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US Open champions look towards Roland Garros: How Osaka, Andreescu, Raducanu and Stephens will fare
Pondering the Paris possibilities of four women who have earned surprising triumphs at the US Open and are now pursuing success on the clay.
Published May 09, 2022
WATCH: Tennis Channel Live discusses which woman without a major has the best chance at Roland Garros.
As Roland Garros nears, it’s fascinating to ponder the Paris possibilities of four women who over the last five years have earned surprising triumphs at the US Open and are now pursuing success on the clay.
Begin in 2017 with Sloane Stephens, who as recently as six weeks prior to winning that year’s US Open was ranked 957. Twelve months later came the ascent of Naomi Osaka, who’d take the title again in 2020. In 2019, Bianca Andreescu won the US Open the first time she played it, a staggering feat repeated in 2021 by Emma Raducanu. Though none of these four reached the quarterfinals at the Mutua Madrid Open, it was refreshing to see all of them in action.
Of this quartet, Stephens has fared the best on clay. In 2018, she reached the finals at Roland Garros, leading by a set and a break versus Simona Halep before the Romanian kicked herself into a higher gear. The day before that final, Stephens said, “Obviously when you have confidence, you can do anything. But I think when you're calm and you're just relaxed and you don't panic and you just stay steady, you allow yourself to work through obstacles and adversity or anything that might happen on the court that you were not prepared for. So for me, staying calm is the most important thing. And then being able to take advantage of the confidence that you do have when you're playing deep into a Slam is super key.”
Though four years have passed since then, Stephens’ clay court assets remain considerable, ranging from great court coverage to a superb forehand and adroit shot selection.
Millions who barely follow tennis paid attention to Osaka’s 2021 Roland Garros journey and her decision to skip press conferences. Intriguing as it will be to see what happens this year, if Madrid is any indication, all should go smoothly. Disappointed as Osaka was to lose her second match of the tournament to Sara Sorribes Tormo, following that loss, it was great to hear Osaka talk about everything from an increased desire to volley to her plans to play mixed doubles at Wimbledon.
“Yeah, I thought I had a lot of fun of course,” Osaka said that day. “I wish I could have been here for a longer amount of time, but I think—I don't know. I think I'm still learning, still learning which courts are faster clay and which courts are slower clay.”
I’ve long believed that all Osaka needs to play well on clay is more experience so she can feel comfortable in the movement department. From there, her powerful serve, dynamic return and heavy groundstrokes can allow her to take charge of many a rally.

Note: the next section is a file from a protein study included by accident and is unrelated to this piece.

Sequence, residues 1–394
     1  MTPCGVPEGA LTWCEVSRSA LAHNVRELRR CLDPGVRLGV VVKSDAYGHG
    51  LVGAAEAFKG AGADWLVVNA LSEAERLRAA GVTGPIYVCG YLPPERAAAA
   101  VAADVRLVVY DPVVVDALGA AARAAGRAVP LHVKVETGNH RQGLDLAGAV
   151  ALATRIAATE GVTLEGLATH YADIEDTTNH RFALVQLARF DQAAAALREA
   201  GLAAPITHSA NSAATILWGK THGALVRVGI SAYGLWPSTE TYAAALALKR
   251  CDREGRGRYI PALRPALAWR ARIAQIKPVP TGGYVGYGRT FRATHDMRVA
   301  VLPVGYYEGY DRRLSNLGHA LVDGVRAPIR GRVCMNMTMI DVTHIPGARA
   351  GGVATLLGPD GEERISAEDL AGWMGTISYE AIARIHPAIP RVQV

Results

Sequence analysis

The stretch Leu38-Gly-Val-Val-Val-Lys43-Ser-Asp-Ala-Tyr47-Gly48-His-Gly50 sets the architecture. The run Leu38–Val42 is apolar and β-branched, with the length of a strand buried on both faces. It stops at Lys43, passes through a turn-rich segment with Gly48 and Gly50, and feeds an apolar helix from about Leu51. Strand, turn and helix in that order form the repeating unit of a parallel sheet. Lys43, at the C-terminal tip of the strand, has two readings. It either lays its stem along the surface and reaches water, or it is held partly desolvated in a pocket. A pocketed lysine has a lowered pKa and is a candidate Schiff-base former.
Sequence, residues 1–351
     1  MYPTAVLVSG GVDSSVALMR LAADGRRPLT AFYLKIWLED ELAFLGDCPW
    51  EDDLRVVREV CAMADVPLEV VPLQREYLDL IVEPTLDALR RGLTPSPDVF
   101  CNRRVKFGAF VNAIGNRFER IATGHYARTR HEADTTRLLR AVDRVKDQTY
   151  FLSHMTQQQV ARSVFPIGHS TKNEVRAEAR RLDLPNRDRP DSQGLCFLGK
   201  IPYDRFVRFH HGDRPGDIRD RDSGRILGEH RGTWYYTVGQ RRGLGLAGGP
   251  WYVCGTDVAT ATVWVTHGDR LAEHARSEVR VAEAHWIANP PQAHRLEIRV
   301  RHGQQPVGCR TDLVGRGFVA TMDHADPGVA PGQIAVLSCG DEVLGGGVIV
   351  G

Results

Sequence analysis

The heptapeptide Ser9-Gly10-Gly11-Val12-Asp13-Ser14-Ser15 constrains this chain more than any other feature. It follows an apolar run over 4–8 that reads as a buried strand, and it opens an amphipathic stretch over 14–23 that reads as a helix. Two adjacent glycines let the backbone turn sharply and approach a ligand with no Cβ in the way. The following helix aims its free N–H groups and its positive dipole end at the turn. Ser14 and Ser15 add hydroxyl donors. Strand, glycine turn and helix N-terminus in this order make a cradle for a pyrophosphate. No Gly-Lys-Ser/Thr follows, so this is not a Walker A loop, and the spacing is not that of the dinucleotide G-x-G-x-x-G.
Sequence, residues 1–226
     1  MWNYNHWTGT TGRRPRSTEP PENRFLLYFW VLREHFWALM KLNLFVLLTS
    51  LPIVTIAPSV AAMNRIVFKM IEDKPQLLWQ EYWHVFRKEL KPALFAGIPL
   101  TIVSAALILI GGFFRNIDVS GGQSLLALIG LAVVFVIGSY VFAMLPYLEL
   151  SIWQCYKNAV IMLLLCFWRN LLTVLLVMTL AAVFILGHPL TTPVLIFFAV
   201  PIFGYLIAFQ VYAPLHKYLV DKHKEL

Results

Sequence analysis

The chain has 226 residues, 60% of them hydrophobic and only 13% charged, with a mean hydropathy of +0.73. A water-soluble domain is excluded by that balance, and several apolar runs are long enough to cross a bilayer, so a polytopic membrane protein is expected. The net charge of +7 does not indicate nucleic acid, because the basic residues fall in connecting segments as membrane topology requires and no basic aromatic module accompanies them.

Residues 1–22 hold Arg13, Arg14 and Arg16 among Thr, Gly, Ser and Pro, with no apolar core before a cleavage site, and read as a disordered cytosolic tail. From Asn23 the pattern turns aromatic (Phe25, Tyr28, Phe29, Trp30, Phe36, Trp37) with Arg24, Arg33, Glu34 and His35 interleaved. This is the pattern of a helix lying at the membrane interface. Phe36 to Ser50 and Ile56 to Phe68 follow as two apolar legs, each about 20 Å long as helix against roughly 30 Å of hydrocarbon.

Similar to Osaka, Andreescu has taken steps to address the role of mental health in her life. On that front, she took off the first three months of 2022. Madrid was her second tournament of the year. Following an opening win over Alison Riske, Andreescu spoke thoughtfully about her recent choices.
“I didn't want to continue putting the people close to me through what I was going through,” she said. “Not only for myself but for them too because I love them so much. I just felt like it wasn't fair.”
Andreescu has one of the broadest arsenals in tennis, a full range of power, touch, tactical acumen, comfort in all parts of the court, and, like all of these US Open champions, a willingness to strike boldly under pressure. All of that can make her a significant factor in Paris.
No one in tennis history has won a Grand Slam singles title with as little experience as Great Britain’s Raducanu, a meteoric rise that instantly made her a national hero in the country that invented tennis and hosts our sport’s most important tournament.
I’ve closely studied the British press for decades and can easily imagine the relentless microscope she’s now being put under—each match, each decision, each injury, each off-court action, all being picked apart, strand by strand. Perhaps she can have a few chats with compatriots Andy Murray, Tim Henman, John Lloyd and Virginia Wade to discuss how to best manage that.
Meanwhile, inside the lines, Raducanu is very much a work in progress. Consider that only last month did she play against a Top 10 for the first time—a 6-4, 6-4 loss in Stuttgart to world No. 1 Iga Swiatek. Stuttgart was also Raducanu’s WTA main draw clay court debut. And though she competed impressively versus Swiatek, the thinking here is that Raducanu needs to put in more work on all aspects of her game before she can be considered a full-fledged contender at an event as physically demanding as Roland Garros.